Something about Pat’s easy demeanor told me I’d found a sympathetic ear. Before we parted ways, I told him GG was my first dog, explained how difficult this first week had been and asked whether things would get better.
Pat looked me straight in the eye and smiled warmly. “You’ll have to put in some work,” he said. “But I can tell she’s a good dog, and you’re going to be just fine.”
Grasping for straws, I believed him. And it turns out he was absolutely right, everything worked out pretty great.
But it did take a lot of work, and things would get worse before they’d get better.
Back when I was a student at Duke, I’d frequently congregate with my two best friends for what we called “sessions.” I’d turn on my black light, we’d listen to Tool and have the particular brand ofÂ deep conservationsÂ you tend to have in a dorm room late at night.
Along with our standard agenda — girls, grades, graduation, the existence of God — we often explored how things might have been different had we gone to a big-time football school instead of one devoted to basketball.
Halloween is without question my favorite holiday, but it becomes a little harder every year to psyche myself up for it. My job gets a whole lot more demanding in October, so by the time we get late into the month, I’m pretty worn down and often under the weather. Besides, there’s bills to pay, dogs to walk, you know the drill.
All that was washed away on Saturday night when I walked into a formerly dilapidated ballroom, which had been transformed into a veritable Halloween theme park. Read more…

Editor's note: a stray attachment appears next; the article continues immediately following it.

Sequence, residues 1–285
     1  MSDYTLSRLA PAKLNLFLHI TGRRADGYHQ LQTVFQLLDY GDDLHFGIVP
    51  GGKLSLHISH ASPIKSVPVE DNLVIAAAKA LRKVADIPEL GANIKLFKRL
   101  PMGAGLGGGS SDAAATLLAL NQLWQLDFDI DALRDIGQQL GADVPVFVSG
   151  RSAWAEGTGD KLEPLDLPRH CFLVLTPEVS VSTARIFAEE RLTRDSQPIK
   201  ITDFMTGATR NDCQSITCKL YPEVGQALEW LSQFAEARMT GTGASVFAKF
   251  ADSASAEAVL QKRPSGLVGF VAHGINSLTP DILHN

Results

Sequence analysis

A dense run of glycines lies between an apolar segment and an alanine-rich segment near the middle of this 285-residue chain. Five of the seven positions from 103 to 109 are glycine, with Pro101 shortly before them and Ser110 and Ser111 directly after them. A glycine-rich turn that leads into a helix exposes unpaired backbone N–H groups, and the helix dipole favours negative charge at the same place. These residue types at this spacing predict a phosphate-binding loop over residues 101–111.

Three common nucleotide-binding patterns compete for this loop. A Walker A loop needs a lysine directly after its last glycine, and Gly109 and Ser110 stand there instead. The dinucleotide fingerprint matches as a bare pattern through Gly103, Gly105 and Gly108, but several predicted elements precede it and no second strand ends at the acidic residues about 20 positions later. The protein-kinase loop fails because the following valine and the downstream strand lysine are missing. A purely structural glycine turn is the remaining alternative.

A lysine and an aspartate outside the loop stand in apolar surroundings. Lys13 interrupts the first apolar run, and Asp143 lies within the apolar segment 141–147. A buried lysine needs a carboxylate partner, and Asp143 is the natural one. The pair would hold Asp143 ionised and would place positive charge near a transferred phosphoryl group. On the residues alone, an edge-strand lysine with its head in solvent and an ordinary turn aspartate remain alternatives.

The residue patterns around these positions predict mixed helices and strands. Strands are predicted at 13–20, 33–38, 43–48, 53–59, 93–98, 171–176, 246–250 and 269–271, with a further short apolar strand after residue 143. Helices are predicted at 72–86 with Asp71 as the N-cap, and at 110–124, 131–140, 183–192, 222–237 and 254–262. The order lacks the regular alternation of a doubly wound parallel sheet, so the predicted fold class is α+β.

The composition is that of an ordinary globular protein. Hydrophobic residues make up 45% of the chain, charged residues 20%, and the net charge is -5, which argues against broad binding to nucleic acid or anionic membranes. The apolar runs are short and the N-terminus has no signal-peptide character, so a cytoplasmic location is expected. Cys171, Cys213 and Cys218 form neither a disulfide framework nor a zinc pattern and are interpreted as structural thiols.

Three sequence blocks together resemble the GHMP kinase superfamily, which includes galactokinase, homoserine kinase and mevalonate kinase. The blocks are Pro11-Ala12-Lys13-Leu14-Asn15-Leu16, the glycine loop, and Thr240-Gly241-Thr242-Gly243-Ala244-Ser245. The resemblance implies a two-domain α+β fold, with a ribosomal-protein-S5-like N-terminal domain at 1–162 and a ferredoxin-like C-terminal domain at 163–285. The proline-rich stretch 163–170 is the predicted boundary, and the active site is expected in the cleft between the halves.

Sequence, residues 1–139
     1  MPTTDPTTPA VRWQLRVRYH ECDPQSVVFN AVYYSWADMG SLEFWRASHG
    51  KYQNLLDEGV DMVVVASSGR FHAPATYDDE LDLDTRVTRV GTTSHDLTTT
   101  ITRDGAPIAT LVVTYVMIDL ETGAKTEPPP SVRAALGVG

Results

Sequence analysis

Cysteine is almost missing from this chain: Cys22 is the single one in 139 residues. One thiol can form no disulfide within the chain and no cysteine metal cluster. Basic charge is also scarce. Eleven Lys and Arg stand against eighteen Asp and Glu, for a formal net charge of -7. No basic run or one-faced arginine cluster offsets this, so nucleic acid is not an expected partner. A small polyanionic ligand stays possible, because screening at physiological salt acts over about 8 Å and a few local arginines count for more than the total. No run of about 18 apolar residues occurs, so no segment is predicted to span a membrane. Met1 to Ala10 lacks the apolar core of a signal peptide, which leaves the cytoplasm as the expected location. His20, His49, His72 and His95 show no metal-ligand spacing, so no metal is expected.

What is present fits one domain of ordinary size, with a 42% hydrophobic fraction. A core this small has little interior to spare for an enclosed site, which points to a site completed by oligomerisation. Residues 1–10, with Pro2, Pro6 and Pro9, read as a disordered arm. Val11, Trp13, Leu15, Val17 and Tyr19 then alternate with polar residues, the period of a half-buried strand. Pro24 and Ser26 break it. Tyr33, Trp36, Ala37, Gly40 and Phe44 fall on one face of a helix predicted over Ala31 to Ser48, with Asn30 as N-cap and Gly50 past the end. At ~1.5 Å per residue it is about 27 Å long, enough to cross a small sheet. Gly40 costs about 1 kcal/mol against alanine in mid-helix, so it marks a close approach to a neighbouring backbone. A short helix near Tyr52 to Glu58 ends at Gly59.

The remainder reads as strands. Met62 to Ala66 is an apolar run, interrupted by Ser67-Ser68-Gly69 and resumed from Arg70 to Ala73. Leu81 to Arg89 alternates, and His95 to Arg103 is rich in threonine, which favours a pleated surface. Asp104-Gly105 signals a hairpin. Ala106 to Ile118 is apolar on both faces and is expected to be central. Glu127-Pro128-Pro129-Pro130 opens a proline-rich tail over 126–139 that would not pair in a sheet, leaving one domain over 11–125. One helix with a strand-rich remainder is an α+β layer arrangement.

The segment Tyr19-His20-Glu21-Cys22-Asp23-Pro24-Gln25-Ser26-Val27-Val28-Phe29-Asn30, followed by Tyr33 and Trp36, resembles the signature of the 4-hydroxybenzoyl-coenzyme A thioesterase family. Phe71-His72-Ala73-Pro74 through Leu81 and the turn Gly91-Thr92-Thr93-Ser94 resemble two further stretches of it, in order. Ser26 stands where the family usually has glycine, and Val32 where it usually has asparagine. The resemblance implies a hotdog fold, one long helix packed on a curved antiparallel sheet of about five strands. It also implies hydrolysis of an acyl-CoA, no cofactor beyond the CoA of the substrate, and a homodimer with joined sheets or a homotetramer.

When Hurricane Sandy wiped out Halloween last year, I couldn’t really complain about it, as weÂ got off pretty lucky compared to much of Central and South Jersey. No trees or anything fell on our home, and our only injuries consisted of minor burns suffered by my wife on Halloween night, when she was attempting to make me hot chocolate in a pitch-dark kitchen.
That said, for someone who views Halloween the way most people do Christmas, there was no escaping that there was a pretty big void for me last year. By the time our lights flickered back on, it was a few days into November. I hadn’t nearly gotten my fill of my favorite holiday, but time waits for no ghoul.
One tradition that fell by the wayside was my annual Halloween mixtape, which I was in the process of making, but didn’t have time or electricity to complete it. But it’s a new year, with crisp and clear weather in New Jersey, so I’m thrilled to present this year’s version for download.
Back at the Jordan Classic in April, in what was either a personal highlight or lowlight — I’m still not sure which — I had an interview hijacked by none other than Drake.
I virtually never travel for my job, but back in 2008, I was given the opportunity to work a promotional booth at a FanFest for an MLB team. Considering how harsh New Jersey can be in late January, I optimistically requested San Diego. Like clockwork, they sent me to Pittsburgh, the equivalent of escaping Alaska for Antarctica.
On top of the single-digit temperatures, the idea of attending a FanFest for a team that hadn’t had a winning record since I was in seventh grade seemed a bit depressing. But honestly, PirateFest turned out to be a really good time, if a little weird.
Back in the winter, when the Mets announced Nas would do a postgame concert after a game in July, I decided that if I went to Citi Field just once this year, a distinct possibility, it would be that one.